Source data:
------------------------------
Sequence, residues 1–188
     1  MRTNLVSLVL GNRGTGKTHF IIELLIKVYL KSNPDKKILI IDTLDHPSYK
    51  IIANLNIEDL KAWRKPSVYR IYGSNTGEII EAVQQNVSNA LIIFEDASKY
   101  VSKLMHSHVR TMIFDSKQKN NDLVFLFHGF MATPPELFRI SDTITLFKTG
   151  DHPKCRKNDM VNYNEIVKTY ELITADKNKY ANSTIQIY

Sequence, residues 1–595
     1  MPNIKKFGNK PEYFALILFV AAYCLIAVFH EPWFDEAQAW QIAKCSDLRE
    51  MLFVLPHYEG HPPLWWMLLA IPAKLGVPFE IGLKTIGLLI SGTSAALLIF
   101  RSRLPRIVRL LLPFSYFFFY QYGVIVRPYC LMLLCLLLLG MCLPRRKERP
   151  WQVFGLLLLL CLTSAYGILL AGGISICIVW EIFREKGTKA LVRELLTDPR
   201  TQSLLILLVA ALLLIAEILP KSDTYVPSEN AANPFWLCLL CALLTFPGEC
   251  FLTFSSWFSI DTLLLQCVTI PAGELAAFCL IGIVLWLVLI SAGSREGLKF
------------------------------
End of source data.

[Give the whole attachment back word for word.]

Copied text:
Sequence, residues 1–188
     1  MRTNLVSLVL GNRGTGKTHF IIELLIKVYL KSNPDKKILI IDTLDHPSYK
    51  IIANLNIEDL KAWRKPSVYR IYGSNTGEII EAVQQNVSNA LIIFEDASKY
   101  VSKLMHSHVR TMIFDSKQKN NDLVFLFHGF MATPPELFRI SDTITLFKTG
   151  DHPKCRKNDM VNYNEIVKTY ELITADKNKY ANSTIQIY

Sequence, residues 1–595
     1  MPNIKKFGNK PEYFALILFV AAYCLIAVFH EPWFDEAQAW QIAKCSDLRE
    51  MLFVLPHYEG HPPLWWMLLA IPAKLGVPFE IGLKTIGLLI SGTSAALLIF
   101  RSRLPRIVRL LLPFSYFFFY QYGVIVRPYC LMLLCLLLLG MCLPRRKERP
   151  WQVFGLLLLL CLTSAYGILL AGGISICIVW EIFREKGTKA LVRELLTDPR
   201  TQSLLILLVA ALLLIAEILP KSDTYVPSEN AANPFWLCLL CALLTFPGEC
   251  FLTFSSWFSI DTLLLQCVTI PAGELAAFCL IGIVLWLVLI SAGSREGLKF